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DI Details Newsletter June 2010 Design Institute of San Diego

A Graduate With Style

Impacting Lives from the Inside Out

Can I Get That Green Chair in Blue, Please?

Anne Kellett wins award for CATaquarium

LIBRARIAN'S CORNER - Magnificent Plants, Magnificent Photography


Impacting Lives from the Inside Out

As both an interior designer and a licensed architect, Michelle Hamm knows how to positively impact a person's living space. And after years of practice she's decided the real action is inside the building.

"Think about it" she bubbles "how much time do you actually spend looking at the outside of a building? But inside? Ah, those are the walls you're surrounded by and you want to make sure they reflect your life's priorities, your experience, and your personality."

They also become a significant part of your life's journey, as she sees every day at the Marine Corp's Camp Pendleton here in San Diego. It's the newest chapter in her life, and by far the most fulfilling she's experienced in her 11 years as a DI instructor.

"I started out working 60 hours each week for a developer, but decided that wasn't for me. I wasn't having enough impact on people's lives. Then I switched over to healthcare work, and what a world of difference it made."

"Over the past 15 years I've been doing healthcare design. I've managed to work on some pretty big projects in that time, including the Riverside General Hospital, Tahoe Carson City Hospital, and the Kaiser Permanente Medical Building in Otay Mesa."

Michelle's reputation for attention to detail and capacity for solid follow-through eventually brought her to the attention of designer Sonia Hasenbeck, owner of Hasenbeck Interior Design. She needed someone with a good eye, who understood design, and "got" the whole process from concept to laying tile.

"She needed a bulldog to follow through on every nit-picky item to be sure the work is done right. I'm strong, detail-oriented, and enjoy fighting for what needs to be done correctly, so my follow through skills were a natural match. My ability to do her CAD design and understand construction projects from start to finish didn't hurt my chances of getting the job either," Michelle explains.

Hasenbeck holds the contracts for designing the headquarters, Hope & Care Center, and Bachelor's Enlisted Quarters at Camp Pendleton - the current stage of over 20 buildings she's worked on.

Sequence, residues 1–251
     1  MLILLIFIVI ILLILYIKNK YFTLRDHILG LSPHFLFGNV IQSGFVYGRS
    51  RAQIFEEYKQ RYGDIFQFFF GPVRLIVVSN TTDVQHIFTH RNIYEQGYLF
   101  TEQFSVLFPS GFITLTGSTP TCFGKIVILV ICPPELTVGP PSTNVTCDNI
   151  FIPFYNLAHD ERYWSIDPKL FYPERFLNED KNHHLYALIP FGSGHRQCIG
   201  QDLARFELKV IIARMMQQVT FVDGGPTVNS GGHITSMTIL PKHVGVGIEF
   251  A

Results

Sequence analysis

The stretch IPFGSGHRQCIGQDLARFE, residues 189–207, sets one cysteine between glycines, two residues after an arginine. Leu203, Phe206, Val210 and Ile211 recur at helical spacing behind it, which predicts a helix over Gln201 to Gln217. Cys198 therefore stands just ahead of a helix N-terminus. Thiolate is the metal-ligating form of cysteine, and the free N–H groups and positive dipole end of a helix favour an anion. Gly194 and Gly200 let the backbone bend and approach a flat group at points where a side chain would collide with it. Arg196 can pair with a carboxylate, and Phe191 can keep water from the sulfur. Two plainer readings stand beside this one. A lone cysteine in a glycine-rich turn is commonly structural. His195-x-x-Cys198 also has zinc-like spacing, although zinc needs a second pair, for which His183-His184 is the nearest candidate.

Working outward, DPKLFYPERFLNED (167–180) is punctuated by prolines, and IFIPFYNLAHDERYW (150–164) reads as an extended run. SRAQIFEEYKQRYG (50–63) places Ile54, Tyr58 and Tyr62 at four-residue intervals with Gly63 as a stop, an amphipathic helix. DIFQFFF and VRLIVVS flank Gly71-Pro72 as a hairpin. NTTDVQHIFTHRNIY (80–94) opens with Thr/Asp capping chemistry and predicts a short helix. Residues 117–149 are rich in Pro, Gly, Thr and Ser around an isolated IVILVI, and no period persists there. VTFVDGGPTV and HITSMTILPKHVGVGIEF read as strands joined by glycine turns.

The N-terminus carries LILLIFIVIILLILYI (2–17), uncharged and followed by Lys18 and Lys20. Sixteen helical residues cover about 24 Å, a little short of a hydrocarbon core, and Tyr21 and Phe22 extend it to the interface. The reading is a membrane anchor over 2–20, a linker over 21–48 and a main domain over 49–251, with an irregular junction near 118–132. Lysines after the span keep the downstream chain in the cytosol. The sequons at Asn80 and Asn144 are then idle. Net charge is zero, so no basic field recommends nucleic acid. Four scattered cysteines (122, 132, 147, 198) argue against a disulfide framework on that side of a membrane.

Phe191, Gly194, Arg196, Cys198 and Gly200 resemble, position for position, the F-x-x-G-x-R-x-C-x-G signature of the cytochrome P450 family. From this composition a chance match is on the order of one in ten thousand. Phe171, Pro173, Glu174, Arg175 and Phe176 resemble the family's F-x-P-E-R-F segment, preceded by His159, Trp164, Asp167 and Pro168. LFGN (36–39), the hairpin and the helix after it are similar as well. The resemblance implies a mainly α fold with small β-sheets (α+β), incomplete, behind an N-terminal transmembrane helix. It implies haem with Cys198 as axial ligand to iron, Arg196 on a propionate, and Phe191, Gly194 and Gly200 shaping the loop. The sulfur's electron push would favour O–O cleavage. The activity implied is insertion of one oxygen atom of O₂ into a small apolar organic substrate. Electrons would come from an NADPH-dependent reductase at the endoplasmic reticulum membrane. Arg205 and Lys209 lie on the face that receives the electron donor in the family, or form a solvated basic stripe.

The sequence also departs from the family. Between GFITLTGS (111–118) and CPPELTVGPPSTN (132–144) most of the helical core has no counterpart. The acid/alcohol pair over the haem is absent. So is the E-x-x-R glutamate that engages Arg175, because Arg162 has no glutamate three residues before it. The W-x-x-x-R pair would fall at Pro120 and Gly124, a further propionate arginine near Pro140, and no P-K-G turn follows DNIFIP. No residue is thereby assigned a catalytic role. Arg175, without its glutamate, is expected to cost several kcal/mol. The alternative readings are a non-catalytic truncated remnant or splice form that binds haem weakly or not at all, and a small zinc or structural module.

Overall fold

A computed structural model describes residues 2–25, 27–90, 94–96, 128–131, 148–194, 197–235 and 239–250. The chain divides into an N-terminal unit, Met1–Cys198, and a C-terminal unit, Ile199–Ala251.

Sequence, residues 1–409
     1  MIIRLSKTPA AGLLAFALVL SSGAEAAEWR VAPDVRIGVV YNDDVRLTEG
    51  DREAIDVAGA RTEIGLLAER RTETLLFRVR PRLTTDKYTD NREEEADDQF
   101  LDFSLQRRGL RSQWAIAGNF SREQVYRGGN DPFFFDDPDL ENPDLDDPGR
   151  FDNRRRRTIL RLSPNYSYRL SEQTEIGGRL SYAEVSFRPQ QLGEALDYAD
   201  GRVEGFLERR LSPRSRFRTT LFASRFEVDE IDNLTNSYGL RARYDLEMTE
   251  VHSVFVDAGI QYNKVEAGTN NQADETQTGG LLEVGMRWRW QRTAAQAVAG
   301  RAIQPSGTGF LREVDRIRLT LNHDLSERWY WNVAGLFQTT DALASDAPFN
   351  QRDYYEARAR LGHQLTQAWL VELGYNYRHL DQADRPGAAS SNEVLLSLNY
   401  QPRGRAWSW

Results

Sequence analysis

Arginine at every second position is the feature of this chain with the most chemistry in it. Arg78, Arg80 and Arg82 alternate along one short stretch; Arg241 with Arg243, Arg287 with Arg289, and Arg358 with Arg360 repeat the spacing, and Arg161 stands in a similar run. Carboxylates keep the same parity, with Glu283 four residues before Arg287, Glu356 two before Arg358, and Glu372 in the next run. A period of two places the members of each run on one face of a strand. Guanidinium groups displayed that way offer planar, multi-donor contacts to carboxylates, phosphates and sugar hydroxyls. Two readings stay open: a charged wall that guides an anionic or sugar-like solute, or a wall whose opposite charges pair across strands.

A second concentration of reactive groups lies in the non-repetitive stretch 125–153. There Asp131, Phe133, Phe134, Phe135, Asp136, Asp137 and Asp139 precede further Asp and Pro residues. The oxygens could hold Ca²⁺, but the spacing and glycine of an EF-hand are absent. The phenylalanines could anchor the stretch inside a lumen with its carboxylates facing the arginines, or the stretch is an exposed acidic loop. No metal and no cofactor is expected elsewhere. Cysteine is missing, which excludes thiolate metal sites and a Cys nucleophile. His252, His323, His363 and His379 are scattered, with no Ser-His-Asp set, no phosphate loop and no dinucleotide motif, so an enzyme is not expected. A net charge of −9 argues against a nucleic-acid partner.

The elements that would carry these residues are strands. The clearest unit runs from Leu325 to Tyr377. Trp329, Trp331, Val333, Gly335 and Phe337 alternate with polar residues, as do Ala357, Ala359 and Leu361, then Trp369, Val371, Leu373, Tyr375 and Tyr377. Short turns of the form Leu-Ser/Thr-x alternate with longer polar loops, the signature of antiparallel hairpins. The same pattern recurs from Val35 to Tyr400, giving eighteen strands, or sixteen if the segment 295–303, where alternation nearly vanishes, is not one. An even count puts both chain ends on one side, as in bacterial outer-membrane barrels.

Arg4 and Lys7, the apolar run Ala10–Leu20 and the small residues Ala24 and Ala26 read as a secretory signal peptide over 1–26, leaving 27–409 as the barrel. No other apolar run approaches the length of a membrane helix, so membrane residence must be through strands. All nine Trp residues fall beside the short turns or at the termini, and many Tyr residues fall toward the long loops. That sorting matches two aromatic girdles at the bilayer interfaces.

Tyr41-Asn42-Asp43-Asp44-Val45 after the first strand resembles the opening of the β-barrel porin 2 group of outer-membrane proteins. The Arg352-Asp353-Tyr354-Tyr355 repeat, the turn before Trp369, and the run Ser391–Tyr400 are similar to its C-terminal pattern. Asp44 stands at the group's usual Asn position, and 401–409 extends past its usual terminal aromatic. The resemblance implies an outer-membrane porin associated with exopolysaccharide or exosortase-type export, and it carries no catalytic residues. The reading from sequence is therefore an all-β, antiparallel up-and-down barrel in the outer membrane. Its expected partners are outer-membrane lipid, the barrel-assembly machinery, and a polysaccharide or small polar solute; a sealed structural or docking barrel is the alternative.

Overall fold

"We're building a campus for wounded warriors, helping service men and women who have been hurt in the line of duty. Literally from the ground up we get to figure out how to make their stay here more pleasant while they're getting rehabilitated," Michelle reports.

"I'm currently working on a two-story building with bedrooms, 8 counseling offices per floor, activity spaces, and a physical therapy center. It's exciting, since we have to develop weight training rooms, therapy rooms, and have space for extremity tanks, therapy pools, lap pools, classrooms, and meeting rooms. The oversight committee wanted good design and a nice look from the artwork, and instructed us to incorporate room for studying, movies, and kitchens. All this with an open living space and a large tree in the middle of the complex."

"This is Camp Pendleton, don't forget, so the space we develop must be durable. It's a lot different than working in a commercial environment. We know going in that you're going to see the concrete block walls when we're done, and we need to work a bit harder to soften the effect of the concrete by using different types of flooring, finishes, colors and materials. It takes a special skill set to instill feelings of hospitality and hominess into concrete. And because it's mostly men who live here, we need to use contemporary colors, but without pinks and sherbets. Fortunately, we're not limited to military greens or grays, either."

Even all these years later Michelle still enjoys working in government, medical and teaching environments. Though not as glamorous as some other types of interior design, she feels she's having a huge impact and directly affecting some of the most important people around today.

And the hardest part of the job? "Handing over the keys and saying ‘This is my baby. I'm finished with her now and you need to take care of her while I move on to my next assignment.' But the community shows up and they really appreciate everything you've done. They take pride in the contribution you've made to their home. And you know it's all going to be alright."

"Still" she admits "Sometimes I cry when it's all over. Sometimes it's hard to let go." WOW! That's commitment!

Michelle invites you to the ribbon cutting of the Bachelor's Enlisted Quarters at Camp Pendleton. See it here.

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